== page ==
Sunday, February 13, 2005

Poll pourri

A few interesting polls have come out over the past few days that deserve attention. First off is bad news for the Liberals from SES:

LIB - 38% (-3)
CP - 29% (+3)
NDP -17% (0)
BQ - 11% (0)
GP - 5% (-1)
*12% were undecided (-2)

In short, nothing at all has changed since the last election. Yawn. But regionally, since the last poll, the Liberals are down 10 points in Ontario and Atlantic Canada. Why?

Well, perhaps the reason can be attributed to this poll in the Toronto Star. It shows that Canadians favour same sex marriage by a razor thin 42-40 margin. Interestingly, Ontario is right behind Alberta in the intolerance field with a shocking 48% opposing equal marriage, and only 35% in favour. Given that the Tories are up in Ontario, it seems pretty self-evident to me that the rural Ontario vote is sliding towards Harper on the Same Sex issue.

Everyone in the media has been slamming Harper’s stance on SSM. But consider a few things:
1. The country is fairly split on the issue
2. Bloc and NDP voters overwhelmingly support equal marriage
3. The Conservatives are the only party opposed to it
4. There are more Liberals than Conservatives out there

Do the math in your head and it becomes clear that Harper stands to gain a lot more votes than he’ll lose on this issue. The Globe & Mail yesterday mentions an internal Conservative poll that said the party could gain 6 percentage points from the Liberals on the issue and only lose 2 percentage points. Given the Liberals only won by 7% last June, that’s quite significant. It won’t help Harper break Quebec or the GTA but those seats in rural Ontario and the Maritimes are ripe for the taking.

Also in the news is missile defense. More and more Canadians are strongly opposing the idea which is going to put both Martin and Harper in difficult situations. I’m not sure how this will play out, but nuclear missiles brought down Diefenbaker so it’s not surprising that this is turning into a major issue. Much like equalization, this is an issue Martin has brought upon himself. By dithering on this, it's turned from a non-issue into an explosive one.


  • CalGrit:

    There's a similar story talking about Martin's dithering by James Travers of the Star..

    Paying The Price For Martins Dithering The difference is Mr. Travers almost seems resentful he let this go on long enough for significant Canadian opposition to build to this... In that sense.. I'm glad Martin HAS dithered.. I dont think we should go anywhere near this plan.. seeing that the lunatics are running the aslyum down south.

    By Blogger Scott Tribe, at 6:18 p.m.  

  • I would be shocked to see missile defence hurt the Cons. But, if this blows up in the Libs face, it'll do one of two things:
    1. Benefit the NDP, at least in polling numbers (look at the number of people who support the NDP everywhere but the ballot box)
    2. Make Martin look weak, helping equally every other opposition party. Hence, mostly, the Cons.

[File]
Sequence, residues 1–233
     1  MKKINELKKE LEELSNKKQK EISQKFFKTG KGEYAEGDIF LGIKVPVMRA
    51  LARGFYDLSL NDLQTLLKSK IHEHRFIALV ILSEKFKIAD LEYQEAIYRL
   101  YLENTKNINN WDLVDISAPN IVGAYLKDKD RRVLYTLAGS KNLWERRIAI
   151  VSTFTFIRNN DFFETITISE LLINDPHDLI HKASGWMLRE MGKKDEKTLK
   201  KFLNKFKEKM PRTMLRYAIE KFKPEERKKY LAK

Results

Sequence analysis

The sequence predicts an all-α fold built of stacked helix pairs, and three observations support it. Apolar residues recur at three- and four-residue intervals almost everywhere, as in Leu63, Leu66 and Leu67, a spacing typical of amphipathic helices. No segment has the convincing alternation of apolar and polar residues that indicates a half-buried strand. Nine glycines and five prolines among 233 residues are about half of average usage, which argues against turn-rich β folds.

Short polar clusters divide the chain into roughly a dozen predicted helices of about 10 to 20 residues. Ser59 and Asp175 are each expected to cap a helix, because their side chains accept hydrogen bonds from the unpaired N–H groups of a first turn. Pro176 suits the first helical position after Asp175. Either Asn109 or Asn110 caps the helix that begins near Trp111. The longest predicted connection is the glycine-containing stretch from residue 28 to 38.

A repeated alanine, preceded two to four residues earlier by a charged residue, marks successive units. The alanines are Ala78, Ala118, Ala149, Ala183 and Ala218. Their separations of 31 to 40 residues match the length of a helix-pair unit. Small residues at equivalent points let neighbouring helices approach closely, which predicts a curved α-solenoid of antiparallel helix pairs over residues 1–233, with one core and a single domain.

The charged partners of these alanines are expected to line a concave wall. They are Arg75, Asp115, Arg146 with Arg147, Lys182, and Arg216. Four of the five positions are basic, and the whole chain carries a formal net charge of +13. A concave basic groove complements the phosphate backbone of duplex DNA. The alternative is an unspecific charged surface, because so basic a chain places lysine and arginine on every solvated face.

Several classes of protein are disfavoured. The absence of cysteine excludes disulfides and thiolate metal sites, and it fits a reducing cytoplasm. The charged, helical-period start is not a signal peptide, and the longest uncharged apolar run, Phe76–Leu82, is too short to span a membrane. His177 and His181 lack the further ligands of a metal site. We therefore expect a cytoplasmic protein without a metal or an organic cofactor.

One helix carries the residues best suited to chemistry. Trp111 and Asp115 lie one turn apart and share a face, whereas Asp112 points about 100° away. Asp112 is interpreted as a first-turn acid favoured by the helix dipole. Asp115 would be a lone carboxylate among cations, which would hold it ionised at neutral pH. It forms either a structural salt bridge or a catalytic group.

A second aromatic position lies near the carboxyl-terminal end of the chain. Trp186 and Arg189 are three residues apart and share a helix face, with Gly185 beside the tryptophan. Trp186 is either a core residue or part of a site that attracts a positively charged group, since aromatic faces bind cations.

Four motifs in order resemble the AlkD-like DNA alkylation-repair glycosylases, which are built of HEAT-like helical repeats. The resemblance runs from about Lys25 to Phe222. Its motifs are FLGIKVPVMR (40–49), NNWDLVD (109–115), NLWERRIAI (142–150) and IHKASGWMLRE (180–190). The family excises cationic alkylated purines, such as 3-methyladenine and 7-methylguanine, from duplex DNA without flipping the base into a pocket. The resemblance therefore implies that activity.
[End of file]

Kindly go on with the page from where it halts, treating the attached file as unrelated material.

By Blogger matt, at 6:34 p.m.  

  • Oh yeah, and irony of wooing rural Atlantic voters with a policy of Francois Mitterand??? Rich. So rich.

    By Blogger matt, at 6:35 p.m.  

  • As the article said.. Harper faces the problem of a slight majority of his voters approving of it.. but that then means he is off-side with the big majority of Canadians who oppose it.

    I do agree that this should benefit the NDP of all 3 parties... but enough to leach seats from the Libs and cause the Cons to sneak in the backdoor? Doubt it..

    I quite frankly wouldnt be shocked to see the Liberal Convention reject it and a majority of Libs oppose it in Parliament.

    By Blogger Scott Tribe, at 10:29 p.m.  

  • Well, let's see the four options.

    1) Martin says no and Harper says no: Layton loses his issue and Harper upsets a lot of his supporters...but looks more moderate.

    2) Martin says no and Harper says yes: My guess is this wouldn't effect the electorate too much. Martin will look weak for stalling but he'll be able to play up the Harper/Bush connection. But Harper's base will be happy with him.

    3) Martin says yes and Harper says yes: This means big gains for the NDP.

    4) Martin says yes to Star Wars, and Harper says no: This one would just be too weird...I'd have no clue what the result would be.

    By Blogger calgarygrit, at 1:28 a.m.  

  • Not totally sure that I agree with the #3 senario. I'm not convinced that it would mean "big gains for the NDP," I think this leads back to the strategic voting thing - vote Lib to keep the Cons out (unless you really believe the ND's will form gov't...).

    But then again, "big gains for the NDP" doesn't add up to too much (considering the're only sitting around 17% - 3% to 4% magin of error?). But I guess seat-wise...FPTP can do weird things...

    By Blogger daveberta, at 1:53 a.m.  

  • The poll in the Star today is rather different, showing the Liberals at 40%. Kind of made my entry at blogscanada look off, but the thing is that they show the same numbers in Ontario as the SES poll shows.

    Either way, the future doesn't look rosey for the Grits. I agree that BMD is likely to be rough for the Liberals, same with gay marriage, Gomery, equalization and every other issue on the horizon. The equalization thing is really getting bad here in Toronto. There are a lot of people - even left wing intellectuals - who are just sick of constant abuse heaped on the Province.

    By Blogger Gracchi, at 12:48 p.m.  

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